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This book is dedicated to the imagination of migrant communities from former Yugoslavia. It contextualizes their imagination in relation to the history, space and culture of Yugoslavia. Its empirical basis is grounded in the contemporary history of the migration from former Yugoslavia. The first part of the work deals with the methodology and theory relevant to the case studies. Besides the theory of imagination originating in the thought of Émile Durkheim, Cornelius Castoriadis, Benedict Anderson and Arjun Appadurai. I have also focused on the theory of popular culture, quoting its founding thinkers related to the Birmingham school of Centre of contemporary Cultural Studies, as well as John Fiske and the parallel culture- -driven research of Pierre Bourdieu and Michel de Certeau. The theoretical framework of this book generally relates to Marxism, and the works of Antonio Gramsci, David Harvey, Immanuel Wallerstein, Slavoj Žižek and others. The methodology of this book is closely inspired by the anthropological tradition of participant observation. The primary sources are heterogeneous and partly issue from the narration of the informants during several in-depth interviews as well as from narration, edited either by the different institutions of the host-country or the by editors based in the home-country. The second part of the book provides a historical and geographical context for the case studies that follow. It presents the contemporary history of migration from the western Balkans starting at the beginning of the 20th century as cross border migrations following patterns of industrial modernisation. The economic migrations of the working classes were supplemented by migrations of members of the intellectual elites who chose merely symbolic destinations for emigration. However, the core-periphery of primarily economic relations of the world-system as identified by Immanuel Wallerstein remained unchanged even by this symbolic logic. Migrations during the second half of the 20th century are presented in more detail. The political turmoil of 1941-1948 which established the Yugoslav Socialist Federation in its position between the two blocs and this point is the essential contextual reference of this book. During the socialist years in Yugoslavia we may identify two main motives of migration – economic and political. These may somehow relate to the previous histories of popular and elite emigration but under the new political regime it changed substantially. These two motives are part of the establishment of specific segments of migrants and their interrelations. Starting from the early 1960s the economic motive of migration gave rise to the phenomenon of Gastatbajteri (guest-workers) that changed the social and cultural landscape of former Yugoslavia, and together with it also many cities of Western European and other host-countries. However, the frontier between the two types of migrants (political and economic) is not completely defined and in many cases the two motives coincided. The coincidence of the political and economic motives for migration may also be visible during and after the break-up of Yugoslavia. In this part of the book I cover the history of the 1990s refugee migrations that were often linked to the local practice of ethnic homogenization conducted by all parties involved in the series of conflicts. Besides, many migrants from regions that were not directly involved in the war used the possibility to obtain refugee status to escape the economic, social and intellectual downturn of the successor countries of former Yugoslavia. Here, the basic theoretical distinction between voluntary and involuntary migrations is discussed arguing that practically no migration is voluntary and should the migrants be completely free to choose, many would prefer to stay at home. Three host countries of migrants from former Yugoslavia are presented more in detail: France, Austria and the Czech Republic. Each of these countries has its specificities in the world-system and also in relation to migrations from former Yugoslavia. Differences and similarities among them are presented in relation to the different segments of migrants crystallised either according to their ethno-confessional/political background and/or motive of migration. Different segments of migrants from former Yugoslavia are formed around different memory-systems. As a first case study I present politics of memory linked to two lieux de mémoire – one in France (Villefranche-de-Rouergue) and one in Austria (Bleiburg). By coincidence both are important in particular for memories of migrants of Croatian origin. The two memorials however, present completely opposing views of national history. Villefranche- de-Rouergue is a symbol for Croatian antifacist resistance and Bleiburg a symbol for the retreat of collaborationist forces of the pro-Nazi puppet Independent state of Croatia. Both of these memorials however, form an example of political memory that even if on the first sight seems contradictory, is by definition syncretic. If the first case study deals with history and memory the second one completes it with the examination of the space dimension. Here I present different images linked to space that surrounded migrants from former Yugoslavia in their host-countries and I discuss also memories of spaces and places in the home-country. I identify three such images – Road, Landscape and Motherland. Based on these images I propose redesigning the nostalgic cartographies of migrants from those presenting world-views of the external researchers (nostalgia of multiculturalism) to those specifically declared by migrants (nostalgia of Home). The third case study is the one that is the most similar in form to most Cultural and Subcultural studies and deals in detail with imagination linked to music. Here, similar to the politics of memory, different segments of migrants are confronted with rock and folk music as well as with a specific local variety of pop-folk. Furthermore, patriotic and electronic music are discussed as well as the topic of Balkanism in cinematography and the communication of ethnic origins on French internet websites.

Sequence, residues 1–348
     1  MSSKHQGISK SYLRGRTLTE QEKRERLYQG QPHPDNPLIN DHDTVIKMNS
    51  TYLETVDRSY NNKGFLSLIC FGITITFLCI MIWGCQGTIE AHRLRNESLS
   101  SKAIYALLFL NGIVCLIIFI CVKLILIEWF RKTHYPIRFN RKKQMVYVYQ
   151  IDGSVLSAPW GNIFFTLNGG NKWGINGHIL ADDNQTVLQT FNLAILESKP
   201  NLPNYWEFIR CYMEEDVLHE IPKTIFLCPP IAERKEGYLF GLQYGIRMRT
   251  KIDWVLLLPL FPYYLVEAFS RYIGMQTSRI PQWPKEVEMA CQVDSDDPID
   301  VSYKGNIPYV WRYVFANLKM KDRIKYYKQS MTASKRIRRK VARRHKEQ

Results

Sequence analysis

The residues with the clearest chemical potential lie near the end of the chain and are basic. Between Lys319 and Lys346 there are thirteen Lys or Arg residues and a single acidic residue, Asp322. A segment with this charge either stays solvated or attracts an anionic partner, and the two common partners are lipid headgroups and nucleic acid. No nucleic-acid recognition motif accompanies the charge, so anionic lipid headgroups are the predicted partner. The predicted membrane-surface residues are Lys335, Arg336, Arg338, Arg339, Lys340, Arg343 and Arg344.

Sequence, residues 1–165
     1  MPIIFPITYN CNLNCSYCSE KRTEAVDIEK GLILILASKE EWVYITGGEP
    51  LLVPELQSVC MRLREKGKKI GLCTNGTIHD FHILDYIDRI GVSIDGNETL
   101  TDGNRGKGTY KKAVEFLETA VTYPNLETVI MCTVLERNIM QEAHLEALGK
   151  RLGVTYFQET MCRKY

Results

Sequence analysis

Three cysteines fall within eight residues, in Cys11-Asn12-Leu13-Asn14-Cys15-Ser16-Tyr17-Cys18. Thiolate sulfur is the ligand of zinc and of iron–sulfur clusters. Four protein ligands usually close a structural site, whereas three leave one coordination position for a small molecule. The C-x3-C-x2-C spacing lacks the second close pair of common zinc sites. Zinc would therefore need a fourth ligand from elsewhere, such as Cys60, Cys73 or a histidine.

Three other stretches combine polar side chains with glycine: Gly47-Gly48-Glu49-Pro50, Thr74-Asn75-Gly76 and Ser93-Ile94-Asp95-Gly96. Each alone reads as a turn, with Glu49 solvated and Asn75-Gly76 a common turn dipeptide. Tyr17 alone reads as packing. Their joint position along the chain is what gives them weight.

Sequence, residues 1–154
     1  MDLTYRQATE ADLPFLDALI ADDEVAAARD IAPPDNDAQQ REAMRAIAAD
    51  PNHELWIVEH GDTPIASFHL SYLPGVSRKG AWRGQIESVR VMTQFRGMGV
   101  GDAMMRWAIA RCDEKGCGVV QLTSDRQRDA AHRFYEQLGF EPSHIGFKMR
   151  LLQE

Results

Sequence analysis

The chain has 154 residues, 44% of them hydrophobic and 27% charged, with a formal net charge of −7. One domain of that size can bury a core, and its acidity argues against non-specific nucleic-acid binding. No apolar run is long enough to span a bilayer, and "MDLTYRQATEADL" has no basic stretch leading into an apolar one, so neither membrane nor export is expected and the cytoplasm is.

Schmerz als interdisziplinärer Forschungsgegenstand: Der Schmerzbegriff in Viktor von Weizsäckers medizinischer Anthropologie und seine Bedeutung in der ärztlichen Praxis